Composer Rodney Sharman tells no tales in Chamber Symphony
Glenn Gould once proclaimed Richard Strauss as the most important musical figure of the 20th century, but according to Rodney Sharman, the great pianist got it wrong.
“That may not have been true,” says the local composer, talking to the Straight from his downtown Vancouver apartment. “But he’s certainly the most important of the 21st, because everybody is writing program music, and even when it isn’t program music, they’re talking about it as though it were.”
This trend toward sounds that illustrate an extra-musical narrative, he suggests, might be an unfortunate development.
“We have created a culture in which composers are expected to speak about their music from the stage,” he explains. “But what has happened is that people don’t talk about the music; they tell stories.…And they never say something like ‘I’m exploring the low register of the piano.’ What they say, on the contrary, is ‘This is a picture of the trip to Europe that I took last summer, in three movements.’ ”
It’s safe to assume, then, that Sharman’s new Chamber Symphony is not going to be the sonic equivalent of enduring your dullest uncle’s holiday slideshow. Even the deliberately anodyne title is meant to suggest that the local composer is stepping away from storytelling in this piece, which the Turning Point Ensemble will preview this weekend as part of the PuSh International Performing Arts Festival.
Instead, he’s focusing on form and timbre.
“This is an abstract piece where everything is coming from the sounds of the instruments,” he stresses. “The ideas are coming from things that the violin can do, things that the flute can do—things that the instruments themselves can do.
“The first movement is all string harmonics,” he continues. “The entire string section plays only harmonics for the entire first movement, all 11 minutes. And one of the features of the woodwind and brass writing is this business of using two fingerings for the same note, so there are different timbres, different colours. It kind of shimmers like a colour tremolo, which is perhaps the connection this piece has to impressionism.”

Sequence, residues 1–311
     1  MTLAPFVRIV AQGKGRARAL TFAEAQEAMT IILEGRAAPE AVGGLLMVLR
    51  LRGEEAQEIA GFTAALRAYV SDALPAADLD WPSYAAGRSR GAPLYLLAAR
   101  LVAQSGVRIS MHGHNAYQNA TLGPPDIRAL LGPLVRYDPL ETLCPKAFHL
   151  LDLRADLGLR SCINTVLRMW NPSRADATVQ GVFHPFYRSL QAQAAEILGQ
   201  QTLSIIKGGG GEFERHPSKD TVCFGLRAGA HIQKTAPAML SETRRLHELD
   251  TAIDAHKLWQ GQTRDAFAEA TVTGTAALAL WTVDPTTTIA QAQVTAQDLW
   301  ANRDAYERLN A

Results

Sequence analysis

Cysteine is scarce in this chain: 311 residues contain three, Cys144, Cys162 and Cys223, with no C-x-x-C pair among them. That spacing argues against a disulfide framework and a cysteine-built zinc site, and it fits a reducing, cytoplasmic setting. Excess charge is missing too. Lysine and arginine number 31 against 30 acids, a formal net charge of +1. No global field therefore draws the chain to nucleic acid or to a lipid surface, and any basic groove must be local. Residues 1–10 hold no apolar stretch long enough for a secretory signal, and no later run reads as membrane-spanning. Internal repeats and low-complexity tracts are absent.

The other connection, of course, is that Chamber Symphony will share Turning Point’s Colourful World program with impressionist composer Claude Debussy’s Jeux, in a new arrangement by Michael Bushnell, and with Toru Takemitsu’s Archipelago S. There’s a slight irony, perhaps, in that both of these works have a programmatic element: dance impresario Sergei Diaghilev commissioned Jeux in 1912, to accompany a ballet about childhood games; Archipelago S, from 1993, is a musical portrait of an island chain.
Sharman seems untroubled by this, however, likely because he’s long been inspired by both of his predecessors.
“I’ve learned so much from looking at the scores of Debussy and Takemitsu,” he says. “I suppose any resemblance is coincidental, but there are resemblances.”
And he has nothing but praise for the Turning Point Ensemble, whose mandate is to illuminate the music of this century by pairing it with innovative works from the past.
“I don’t know any other ensemble that does this,” he says, “and I think it’s a wonderful idea.”
The Turning Point Ensemble presents Colourful World at the Fei and Milton Wong Experimental Theatre, SFU Woodward’s, on Sunday (January 29).